| Executives June 30, 2021
June 30, 2021
The pandemic has accelerated digital transformation and telework on a scale never seen before. Employees are working from anywhere and collaboration in the cloud has skyrocketed. But this new environment has expanded the cyber attack surface, compromising critical U.S. infrastructure and lives of our citizens. The recent slew of major cyber attacks including SolarWinds, Microsoft Exchange and Colonial Pipeline, has moved cybersecurity improvements to the top of the agenda for the U.S. federal government.
In early May, President Joe Biden signed an executive order to strengthen U.S. cybersecurity defenses. This order requires agencies to have a plan to adopt a Zero Trust framework within 90 days. It also provides clear recommendations and timeframes for public and private organizations to implement key technology and process improvements.
It is imperative for agencies to understand the steps they can take right now to implement Zero Trust to both safeguard against modern cyber attacks and comply with new regulations. To aid in the journey, I break down the main concepts of Zero Trust and data protection and steps agencies can take today to align with the Executive Order.
The guiding principle of the Executive Order is that organizations need to adopt a Zero Trust framework for cybersecurity. You may ask: what exactly am I trusting and what does “zero” have to do with it? Trust in this case is all about whether a user, their device and the network they are using will introduce risks of a cyberattack. These risks could come in many forms — malware or ransomware, vulnerabilities that can be exploited, or compromised credentials or devices. Zero is about “not trusting” the user, device or network connection until you can verify the risk level and understand whether it meets your security requirements.
An easy way to think about it is that security teams can not trust any users that attempt to connect to their network, apps and data, even after they have authenticated. Instead, they must constantly verify the risk level to ensure that users can be trusted. Access is granted dynamically in real-time upon verification of the user.
Without Zero Trust, users are granted privileges to your infrastructure and data once and security teams have limited visibility into what the user or device is doing. Without reverifying the risk level, it is free to access any resources. If a cyberattacker subverts the device or user account, then the attacker can easily move laterally and likely to go undetected, resulting in a breach.
A Zero Trust framework moves away from one-time security gating decisions, toward continuous assessment of the risk level of the user and device, and dynamically adapting access privileges based on changes in the risk level.
As a result, a Zero Trust framework enables agencies to more effectively protect apps and data in the age of telework and cloud collaboration.
The federal government wants to apply modern Zero Trust technology to ensure that employees, data and its infrastructure are protected. Below are four steps you can take right away.
With many remote workers using personal devices these days, it's important to ensure that only trusted devices can access your network.
Agency cybersecurity leaders can take steps to ensure that any device – whether it's a smartphone, tablet, Chromebook or PC — will not introduce malware or create a pathway for an attacker to gain access to your infrastructure.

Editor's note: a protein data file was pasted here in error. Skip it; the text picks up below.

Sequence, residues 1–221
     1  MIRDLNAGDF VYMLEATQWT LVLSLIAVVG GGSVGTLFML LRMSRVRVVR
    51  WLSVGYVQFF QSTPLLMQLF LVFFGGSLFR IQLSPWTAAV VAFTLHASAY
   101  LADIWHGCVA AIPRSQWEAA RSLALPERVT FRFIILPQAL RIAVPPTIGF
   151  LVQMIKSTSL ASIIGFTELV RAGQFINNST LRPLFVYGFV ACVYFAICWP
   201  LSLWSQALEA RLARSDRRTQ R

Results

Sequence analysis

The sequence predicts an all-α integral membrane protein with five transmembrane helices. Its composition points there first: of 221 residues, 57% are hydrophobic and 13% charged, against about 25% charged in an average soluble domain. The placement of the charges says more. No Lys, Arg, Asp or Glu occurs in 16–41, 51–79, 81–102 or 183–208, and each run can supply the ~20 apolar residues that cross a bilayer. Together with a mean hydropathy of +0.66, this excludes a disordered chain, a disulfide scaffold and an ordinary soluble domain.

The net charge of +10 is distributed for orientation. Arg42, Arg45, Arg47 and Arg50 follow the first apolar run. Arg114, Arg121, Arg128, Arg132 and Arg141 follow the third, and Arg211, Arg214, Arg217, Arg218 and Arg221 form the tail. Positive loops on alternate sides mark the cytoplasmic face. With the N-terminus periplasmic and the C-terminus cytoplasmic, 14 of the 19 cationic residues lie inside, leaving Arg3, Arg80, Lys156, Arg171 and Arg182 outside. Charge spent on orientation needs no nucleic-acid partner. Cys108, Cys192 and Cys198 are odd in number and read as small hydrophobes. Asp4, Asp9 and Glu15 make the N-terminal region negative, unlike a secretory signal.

Multi-factor authentication is a good first step towards knowing whether an account is compromised, but it’s not enough. Agencies also need to be able to spot abnormal behavior that might indicate an internal or external threat. This can be achieved with a cloud access security broker (CASB) solution that has robust user entity and behavior analytics (EUBA). By understanding how employees usually behave, agencies can spot malicious activity and prevent insider threats and advanced attacks.
It’s important to verify the security posture of the cloud applications used by government employees. Misconfigurations in software as a service (SaaS) applications, such as Box, or Microsoft 365, and infrastructure as a service (IaaS) like AWS, Azure or GCP environments can create opportunities that cyber attackers exploit.
Agency cybersecurity teams can utilize SaaS Security Posture Management (SSPM) and Cloud Security Posture Management (CSPM) tools to verify cloud security configurations and prevent them from creating opportunities for cyberattackers.
It can be overwhelming to manage the security of cloud applications and the data that flows through them, especially when multiple clouds exist and a myriad of work streams are in play. Agencies need to have full control over their data regardless of how it’s handled or where it goes.
To ensure sensitive information does not leak out accidentally or is stolen by a threat actor, organizations have a single viewpoint to see what’s happening and manage granular access policies based. This can only happen if there’s an understanding of the user or device’s risk posture, what they need access to and the types of data and apps required for productivity.
Government data also should be encrypted wherever it goes — in transit and at rest — whether it is being emailed, uploaded to a cloud or downloaded to a local drive. Only the highest level of encryption is sufficient so that only authorized users with the encryption key can gain access.
The Executive Order is a good reminder of the critical need for both the public and private sector to rethink cybersecurity. To deploy Zero Trust and secure mission-critical data, agencies need an integrated security platform that covers the endpoint, the cloud and everywhere in between.
Lookout CEO Jim Dolce recently spoke at the CyberTalks Virtual Summit to address critical elements of modernizing cybersecurity in government with Zero Trust.
Tony D'Angelo Vice President, Public Sector